The music of Rodgers & Hammerstein gets a very groovy twist here – thanks to the mighty talents of the Australian Jazz Quintet! The group have a great mix of instruments – both the vibes of Jack Brokensha and piano of Bryce Rhodes, and the intertwining reeds of Erroll Buddle and Dick Healey – both players who've learned a lot from the west coast scene of the early 50s, and really know how to get creative with their phrasing and solos! The vibes often give the tunes a nicely moody feel – one that's underscored even more by the reeds on some of the more exotic tunes – and titles include "The Gentleman Is A Dope", "Do I Love You", "Wonderful Guy", "Hello Young Lovers", and "March Of The Siamese Children".
The style's never too free here – not in an avant jazz way – but the group's definitely opening up a bit more than before, and making even more magic with their music! The lineup has changed a bit from earlier albums from this combo – but key Australian players are still very much on hand – the great Bryce Rhode on piano, Jack Brokensha on vibes, and Errol Buddle on reeds! Rhode is one of the best pianists of the time – sadly overlooked upon his 60s return to Australian (where he made some wonderful records) – and his careful sense of tone really starts things off wonderfully – and brings more out of the vibes than we've ever heard on Brokensha's later records. Titles include the long "Take Three Parts Jazz" suite – plus "Detour Ahead", "I'll Remember April", "Bewitched", and "Swingin Goatsherd Blues".
One of the coolest records ever from this unique Australian 50s group featuring the extended "Jazz In D Minor" suite. This '50s and '60s band was modeled on The Modern Jazz Quartet, and featured vibraphonist Jack Brokensha. I discovered these guys way back in the late 50's. I thought they were at least 50 years ahead of their time. The blend of of these instruments Bassoon and flute just blow my mind as they did the first time I heard them way back then. The amazing fact is that those sounds are still the coolest and up to date today. Like I said before, 50 years ahead of their time. They deserve 10 stars.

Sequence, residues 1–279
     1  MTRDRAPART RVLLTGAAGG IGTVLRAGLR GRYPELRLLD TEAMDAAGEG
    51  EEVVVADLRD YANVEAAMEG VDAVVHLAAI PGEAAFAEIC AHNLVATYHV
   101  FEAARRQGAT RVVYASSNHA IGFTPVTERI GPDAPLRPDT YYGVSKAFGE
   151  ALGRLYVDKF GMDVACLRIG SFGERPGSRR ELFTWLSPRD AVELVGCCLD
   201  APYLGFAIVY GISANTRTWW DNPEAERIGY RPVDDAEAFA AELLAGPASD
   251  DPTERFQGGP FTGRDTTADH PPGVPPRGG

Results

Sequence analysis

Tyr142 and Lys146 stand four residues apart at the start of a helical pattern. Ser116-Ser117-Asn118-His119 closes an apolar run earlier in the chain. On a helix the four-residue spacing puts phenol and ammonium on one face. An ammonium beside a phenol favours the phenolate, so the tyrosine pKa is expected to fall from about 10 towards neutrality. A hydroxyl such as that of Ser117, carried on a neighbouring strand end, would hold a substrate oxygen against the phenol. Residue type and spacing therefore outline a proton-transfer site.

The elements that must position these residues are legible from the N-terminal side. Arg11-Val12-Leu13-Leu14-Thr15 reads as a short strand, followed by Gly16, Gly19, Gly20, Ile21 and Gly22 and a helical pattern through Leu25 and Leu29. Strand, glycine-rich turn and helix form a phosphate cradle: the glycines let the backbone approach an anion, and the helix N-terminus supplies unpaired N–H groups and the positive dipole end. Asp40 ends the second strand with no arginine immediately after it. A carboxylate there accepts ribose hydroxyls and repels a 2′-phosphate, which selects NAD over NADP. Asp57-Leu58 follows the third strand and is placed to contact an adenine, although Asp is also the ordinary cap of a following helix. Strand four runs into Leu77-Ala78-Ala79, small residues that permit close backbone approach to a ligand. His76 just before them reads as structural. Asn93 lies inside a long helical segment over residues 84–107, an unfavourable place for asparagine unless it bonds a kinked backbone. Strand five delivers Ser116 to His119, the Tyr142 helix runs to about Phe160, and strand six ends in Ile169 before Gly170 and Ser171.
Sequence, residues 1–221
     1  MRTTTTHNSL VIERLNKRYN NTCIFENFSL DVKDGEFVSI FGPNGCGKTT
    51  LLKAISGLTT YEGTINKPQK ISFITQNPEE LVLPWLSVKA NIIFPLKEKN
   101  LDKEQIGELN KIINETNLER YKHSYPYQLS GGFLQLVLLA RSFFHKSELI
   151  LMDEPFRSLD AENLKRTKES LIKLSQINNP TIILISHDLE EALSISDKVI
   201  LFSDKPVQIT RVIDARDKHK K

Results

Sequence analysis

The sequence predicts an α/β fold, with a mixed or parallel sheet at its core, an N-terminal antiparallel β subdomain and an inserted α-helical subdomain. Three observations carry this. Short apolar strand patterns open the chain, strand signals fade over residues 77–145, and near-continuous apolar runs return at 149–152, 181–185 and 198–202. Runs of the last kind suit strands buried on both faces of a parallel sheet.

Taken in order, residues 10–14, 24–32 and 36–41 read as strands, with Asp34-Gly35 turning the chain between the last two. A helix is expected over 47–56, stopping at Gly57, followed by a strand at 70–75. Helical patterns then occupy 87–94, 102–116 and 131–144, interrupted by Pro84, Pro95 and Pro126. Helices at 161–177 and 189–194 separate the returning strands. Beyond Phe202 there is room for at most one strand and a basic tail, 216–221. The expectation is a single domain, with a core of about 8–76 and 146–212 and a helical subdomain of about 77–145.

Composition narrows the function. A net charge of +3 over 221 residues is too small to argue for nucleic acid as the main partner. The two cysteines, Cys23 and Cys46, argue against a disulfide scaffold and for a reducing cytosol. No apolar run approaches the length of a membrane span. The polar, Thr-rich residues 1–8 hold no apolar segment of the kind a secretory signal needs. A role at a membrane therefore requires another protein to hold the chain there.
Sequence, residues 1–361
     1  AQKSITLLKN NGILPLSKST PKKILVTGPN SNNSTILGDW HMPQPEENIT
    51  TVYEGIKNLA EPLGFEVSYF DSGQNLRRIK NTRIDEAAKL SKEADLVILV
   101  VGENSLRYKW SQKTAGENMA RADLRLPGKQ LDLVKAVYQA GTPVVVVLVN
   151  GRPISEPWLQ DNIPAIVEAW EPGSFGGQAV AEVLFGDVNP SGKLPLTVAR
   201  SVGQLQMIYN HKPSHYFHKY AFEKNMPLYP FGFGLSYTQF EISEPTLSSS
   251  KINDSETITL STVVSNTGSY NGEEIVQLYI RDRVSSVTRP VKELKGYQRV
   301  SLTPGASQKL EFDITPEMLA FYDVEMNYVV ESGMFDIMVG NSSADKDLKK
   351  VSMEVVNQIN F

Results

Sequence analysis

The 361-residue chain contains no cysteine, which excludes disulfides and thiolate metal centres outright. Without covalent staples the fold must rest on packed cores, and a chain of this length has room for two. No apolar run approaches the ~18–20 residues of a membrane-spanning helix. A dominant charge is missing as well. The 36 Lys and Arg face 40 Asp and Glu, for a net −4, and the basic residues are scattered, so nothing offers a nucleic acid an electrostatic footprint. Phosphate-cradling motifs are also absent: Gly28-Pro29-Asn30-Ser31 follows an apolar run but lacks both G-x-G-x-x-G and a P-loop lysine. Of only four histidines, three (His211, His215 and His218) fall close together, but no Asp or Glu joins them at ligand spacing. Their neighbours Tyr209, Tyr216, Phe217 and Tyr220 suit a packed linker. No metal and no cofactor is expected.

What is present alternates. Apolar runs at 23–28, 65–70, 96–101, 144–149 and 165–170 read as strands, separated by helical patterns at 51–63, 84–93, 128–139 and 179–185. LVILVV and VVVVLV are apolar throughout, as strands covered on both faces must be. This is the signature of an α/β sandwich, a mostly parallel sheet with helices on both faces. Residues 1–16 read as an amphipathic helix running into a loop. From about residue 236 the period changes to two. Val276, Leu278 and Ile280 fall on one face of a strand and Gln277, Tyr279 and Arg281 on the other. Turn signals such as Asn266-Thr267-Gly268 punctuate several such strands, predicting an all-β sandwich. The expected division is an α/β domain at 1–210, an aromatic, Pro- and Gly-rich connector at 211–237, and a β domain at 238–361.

Weird winds make this a mighty nice record – a blend of the tenor and bassoon of Errol Buddle and alto and flute of Dick Healy – all set to piano from Bryce Rhode, and vibes from the great Jack Brokensha! All players have a very strong sense of tone and color – and move together at a level that might be influence by the experiments of the Modern Jazz Quartet, but which also takes on a much more expressive feel with the presence of the reeds. Tracks are short and tightly arranged – and tunes include "So Nice", "Few Get It", "That Old Feeling", "Koala", and "Lover Man".
The Manhattan Jazz Quintet have been an on-again, off-again collective of New York City-based musicians who primarily record for the Japanese market. Co-founding members David Matthews (piano and arranger) and trumpeter Lew Soloff are still on hand, though the remainder of the group on this occasion consists of tenor saxophonist Andy Snitzer, bassist Charnett Moffett, and drummer Victor Lewis.
Forget the hokey kangaroo picture on the cover, because the record's a mighty sweet set of 50s modern jazz – played by some key musicians from Australian who were working in the US at the time! The record's got a style that's somewhere between the hippest sessions of LA and Sweden at the time – all the coolness of both scenes, but a sense of playful expression that really comes through on some of the more unusual passages. The core group features Errol Buddle and Dick Healey on reeds, Bryce Rhode on piano, and Jack Brokensha on vibes – with added work from John Fawcett or Jimmy Gannon on bass, and Nick Stabulas on drums. Titles include "Loose Walk", "Like Someone In Love", "Music For Walkin", "Fascinating Rhythm", "A Foggy Day", and "Little Girl Blue".